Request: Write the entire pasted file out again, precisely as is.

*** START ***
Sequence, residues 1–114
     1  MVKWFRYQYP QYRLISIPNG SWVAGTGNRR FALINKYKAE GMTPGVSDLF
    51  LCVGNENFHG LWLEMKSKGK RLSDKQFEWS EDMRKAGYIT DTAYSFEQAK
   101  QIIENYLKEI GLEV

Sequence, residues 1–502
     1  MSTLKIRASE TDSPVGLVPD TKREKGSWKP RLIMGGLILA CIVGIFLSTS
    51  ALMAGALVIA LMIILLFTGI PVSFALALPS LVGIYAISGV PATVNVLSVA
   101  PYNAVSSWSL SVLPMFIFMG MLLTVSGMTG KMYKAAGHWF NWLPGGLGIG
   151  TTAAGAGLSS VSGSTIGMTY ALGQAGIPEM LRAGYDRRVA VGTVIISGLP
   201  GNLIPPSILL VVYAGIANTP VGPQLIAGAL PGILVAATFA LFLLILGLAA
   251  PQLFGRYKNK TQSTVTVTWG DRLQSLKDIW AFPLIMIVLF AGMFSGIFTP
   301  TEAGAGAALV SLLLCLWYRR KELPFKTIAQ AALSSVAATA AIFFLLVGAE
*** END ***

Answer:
Sequence, residues 1–114
     1  MVKWFRYQYP QYRLISIPNG SWVAGTGNRR FALINKYKAE GMTPGVSDLF
    51  LCVGNENFHG LWLEMKSKGK RLSDKQFEWS EDMRKAGYIT DTAYSFEQAK
   101  QIIENYLKEI GLEV

Sequence, residues 1–502
     1  MSTLKIRASE TDSPVGLVPD TKREKGSWKP RLIMGGLILA CIVGIFLSTS
    51  ALMAGALVIA LMIILLFTGI PVSFALALPS LVGIYAISGV PATVNVLSVA
   101  PYNAVSSWSL SVLPMFIFMG MLLTVSGMTG KMYKAAGHWF NWLPGGLGIG
   151  TTAAGAGLSS VSGSTIGMTY ALGQAGIPEM LRAGYDRRVA VGTVIISGLP
   201  GNLIPPSILL VVYAGIANTP VGPQLIAGAL PGILVAATFA LFLLILGLAA
   251  PQLFGRYKNK TQSTVTVTWG DRLQSLKDIW AFPLIMIVLF AGMFSGIFTP
   301  TEAGAGAALV SLLLCLWYRR KELPFKTIAQ AALSSVAATA AIFFLLVGAE